It’s not easy being green

Editorial director Brad Dick isn’t opposed to recycling, but he believes it should remain optional and easy to do.

It's been amazing to see the speed with which Al Gore and his minions have been able to convince most of world that the planet's death is just around the corner if we don't “go green.”

I'm not opposed to recycling, but I believe it should remain optional and easy to do. Unfortunately, my belief ran into reality when I met the recycle nazi at my local Big Box store.

The company is offering a $10 “gift certificate” if you bring in an old television or CRT. What I hadn't noticed was the fine print, which requires the consumer to buy that gift certificate.

Needless to say, my misunderstanding collided with Bob, the operations manager, who threatened to have me arrested for depositing “toxic waste” on his property. That's when I took the opportunity to remind him that technically, TV sets weren't classified as “toxic waste,” but rather “hazardous waste.” There is a difference. That's when Bob's head exploded. Fortunately, the management literally dragged Bob off to another part of the store, so I could continue talking with the other staff.

The outcome was fine. I took my two TV sets home and examined the note on the Best Buy Web site. Yep, at the bottom, there is a note that you must buy the gift certificate. My mistake was believing an article on CNET that said nothing about having to buy the gift certificate. That article claimed Best Buy was exchanging the gift cards for the old televisions. I mistakenly thought the company was acting in the planet's interest and using the gift cards as an advertising gimmick. Silly me!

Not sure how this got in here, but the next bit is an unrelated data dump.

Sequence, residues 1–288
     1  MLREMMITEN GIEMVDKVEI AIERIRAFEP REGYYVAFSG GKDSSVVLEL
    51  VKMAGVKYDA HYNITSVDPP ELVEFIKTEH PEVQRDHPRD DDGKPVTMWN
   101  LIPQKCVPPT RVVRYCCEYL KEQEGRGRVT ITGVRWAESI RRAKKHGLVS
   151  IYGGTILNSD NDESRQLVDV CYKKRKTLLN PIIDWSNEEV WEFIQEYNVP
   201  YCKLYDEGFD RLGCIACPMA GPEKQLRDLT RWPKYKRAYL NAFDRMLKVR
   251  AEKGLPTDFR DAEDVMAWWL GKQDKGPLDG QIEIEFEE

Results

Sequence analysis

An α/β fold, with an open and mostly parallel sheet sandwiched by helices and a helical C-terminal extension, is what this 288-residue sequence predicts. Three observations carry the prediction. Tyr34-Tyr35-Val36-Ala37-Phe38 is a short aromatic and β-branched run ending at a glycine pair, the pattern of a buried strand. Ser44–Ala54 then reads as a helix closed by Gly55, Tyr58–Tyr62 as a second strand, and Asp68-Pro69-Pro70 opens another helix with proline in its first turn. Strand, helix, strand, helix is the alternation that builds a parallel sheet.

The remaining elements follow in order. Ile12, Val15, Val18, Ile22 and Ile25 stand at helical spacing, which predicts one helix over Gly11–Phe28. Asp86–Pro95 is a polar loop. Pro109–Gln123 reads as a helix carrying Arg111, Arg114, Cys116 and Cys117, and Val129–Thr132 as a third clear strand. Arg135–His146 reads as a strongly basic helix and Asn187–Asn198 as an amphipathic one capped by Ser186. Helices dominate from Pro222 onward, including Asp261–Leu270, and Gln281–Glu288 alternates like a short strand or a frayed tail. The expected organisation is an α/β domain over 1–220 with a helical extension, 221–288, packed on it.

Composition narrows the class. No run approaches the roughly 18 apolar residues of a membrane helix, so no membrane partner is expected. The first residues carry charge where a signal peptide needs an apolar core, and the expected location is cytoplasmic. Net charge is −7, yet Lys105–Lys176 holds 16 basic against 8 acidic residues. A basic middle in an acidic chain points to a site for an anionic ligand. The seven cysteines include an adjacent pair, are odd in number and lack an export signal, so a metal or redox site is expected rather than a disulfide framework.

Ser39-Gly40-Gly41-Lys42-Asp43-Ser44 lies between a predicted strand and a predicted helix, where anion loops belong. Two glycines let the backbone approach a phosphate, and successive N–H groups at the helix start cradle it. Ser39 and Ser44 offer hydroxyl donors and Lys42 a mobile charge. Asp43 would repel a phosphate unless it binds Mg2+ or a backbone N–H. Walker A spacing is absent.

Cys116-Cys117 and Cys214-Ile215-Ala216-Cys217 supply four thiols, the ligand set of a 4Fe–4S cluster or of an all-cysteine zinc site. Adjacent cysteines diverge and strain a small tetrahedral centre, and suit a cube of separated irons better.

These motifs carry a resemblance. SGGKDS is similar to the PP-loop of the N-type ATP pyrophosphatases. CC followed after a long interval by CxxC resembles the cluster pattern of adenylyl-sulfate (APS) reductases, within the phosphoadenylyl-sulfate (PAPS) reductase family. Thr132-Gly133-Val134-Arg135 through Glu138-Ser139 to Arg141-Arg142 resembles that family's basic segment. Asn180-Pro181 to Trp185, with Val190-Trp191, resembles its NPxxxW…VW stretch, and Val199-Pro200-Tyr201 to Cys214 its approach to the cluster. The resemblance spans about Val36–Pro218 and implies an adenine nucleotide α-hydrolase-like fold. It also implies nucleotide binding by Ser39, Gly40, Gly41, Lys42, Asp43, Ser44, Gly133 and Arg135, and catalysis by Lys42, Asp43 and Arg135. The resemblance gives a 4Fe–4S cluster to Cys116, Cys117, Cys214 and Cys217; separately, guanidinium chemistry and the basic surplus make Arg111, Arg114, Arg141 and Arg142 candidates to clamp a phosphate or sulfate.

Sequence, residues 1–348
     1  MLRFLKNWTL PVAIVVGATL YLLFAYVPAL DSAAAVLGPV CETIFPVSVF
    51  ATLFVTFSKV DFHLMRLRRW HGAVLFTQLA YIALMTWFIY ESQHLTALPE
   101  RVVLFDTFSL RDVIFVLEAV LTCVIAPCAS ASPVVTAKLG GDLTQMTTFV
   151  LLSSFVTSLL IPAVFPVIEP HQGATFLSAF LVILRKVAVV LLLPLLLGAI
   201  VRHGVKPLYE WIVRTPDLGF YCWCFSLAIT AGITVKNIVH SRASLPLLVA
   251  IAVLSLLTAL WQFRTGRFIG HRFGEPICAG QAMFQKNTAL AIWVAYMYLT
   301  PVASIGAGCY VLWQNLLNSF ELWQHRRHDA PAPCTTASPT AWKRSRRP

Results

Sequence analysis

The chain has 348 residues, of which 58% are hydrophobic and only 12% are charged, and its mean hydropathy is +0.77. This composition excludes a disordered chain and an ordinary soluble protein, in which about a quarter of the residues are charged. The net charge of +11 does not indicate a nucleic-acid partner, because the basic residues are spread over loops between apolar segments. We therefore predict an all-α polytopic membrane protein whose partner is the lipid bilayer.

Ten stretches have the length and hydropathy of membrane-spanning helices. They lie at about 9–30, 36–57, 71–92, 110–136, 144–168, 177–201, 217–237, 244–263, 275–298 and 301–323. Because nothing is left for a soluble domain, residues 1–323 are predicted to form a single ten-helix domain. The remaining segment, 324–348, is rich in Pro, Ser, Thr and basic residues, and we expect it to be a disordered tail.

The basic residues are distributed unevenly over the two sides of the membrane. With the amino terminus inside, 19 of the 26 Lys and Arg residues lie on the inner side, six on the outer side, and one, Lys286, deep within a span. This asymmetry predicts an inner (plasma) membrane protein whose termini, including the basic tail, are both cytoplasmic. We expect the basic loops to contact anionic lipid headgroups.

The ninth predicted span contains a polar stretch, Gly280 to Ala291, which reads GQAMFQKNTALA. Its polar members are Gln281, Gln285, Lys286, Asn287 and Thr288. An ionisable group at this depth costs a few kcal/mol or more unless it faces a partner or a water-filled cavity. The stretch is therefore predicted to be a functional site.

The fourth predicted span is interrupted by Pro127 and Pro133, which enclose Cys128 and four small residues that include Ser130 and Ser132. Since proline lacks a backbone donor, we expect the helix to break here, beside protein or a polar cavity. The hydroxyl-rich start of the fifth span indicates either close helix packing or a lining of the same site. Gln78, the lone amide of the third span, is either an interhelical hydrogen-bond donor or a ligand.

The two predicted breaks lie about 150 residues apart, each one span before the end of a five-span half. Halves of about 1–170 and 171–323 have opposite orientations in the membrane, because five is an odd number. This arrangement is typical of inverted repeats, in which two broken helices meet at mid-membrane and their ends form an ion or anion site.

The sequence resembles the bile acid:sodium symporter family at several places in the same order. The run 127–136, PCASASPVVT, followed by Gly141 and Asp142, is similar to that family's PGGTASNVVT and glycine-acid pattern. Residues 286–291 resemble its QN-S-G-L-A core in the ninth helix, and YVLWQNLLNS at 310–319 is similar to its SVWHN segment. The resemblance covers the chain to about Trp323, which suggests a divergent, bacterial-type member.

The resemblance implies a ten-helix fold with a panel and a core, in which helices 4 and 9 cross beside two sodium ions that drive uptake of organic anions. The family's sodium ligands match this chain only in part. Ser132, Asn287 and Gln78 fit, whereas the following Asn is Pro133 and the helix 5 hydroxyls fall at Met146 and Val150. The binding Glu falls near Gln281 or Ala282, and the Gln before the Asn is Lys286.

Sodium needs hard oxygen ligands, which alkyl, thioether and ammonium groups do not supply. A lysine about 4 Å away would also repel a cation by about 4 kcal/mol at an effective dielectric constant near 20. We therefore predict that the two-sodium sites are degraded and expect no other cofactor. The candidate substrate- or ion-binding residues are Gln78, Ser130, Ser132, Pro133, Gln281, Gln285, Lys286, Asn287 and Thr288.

OK, I misunderstood, and after verifying the rules, which are not obvious, I simply took the TV sets to another Best Buy store. Those employees were polite, and I purchased two “gift cards.” Trust me, though, I won't use those gift cards to buy any TV sets from Best Buy.

Recycling is one of those things that you're either really into or not at all, and this is where Penn and Teller come in. They produced a program analyzing the costs and benefits of recycling. Ultimately, their research showed that much of the benefit claimed by recycling fanatics is untrue, or, as Penn says, “BS.”

There is a way in which advocates on both sides of this issue can win. That's when manufacturers agree to take back old products when new ones are purchased. I know that Thomson Grass Valley has such a policy where if, for instance, you buy a new GV switcher, the company will take back your old GV switcher at no charge and have it properly recycled.

It's this kind of cooperation between buyer and seller we need in both professional and consumer spaces. People will take steps to help maintain our planet's environment when recycling is easy and doesn't cost anything.

So, whether it's a TV set or a production switcher, consider the benefits of recycling. You'll feel good about it when you're done. However, don't expect today's process to be easy or free. It seems there's a “gotcha” everywhere you go. Murphy is always waiting in the wings, no matter your good intensions.

Fortunately, experience says that 95 percent of the bad things you think might happen, never happen. That means if you focus on the 5 percent of things that could happen, you'll be better prepared. Best of all, you probably won't have to deal with Bob.

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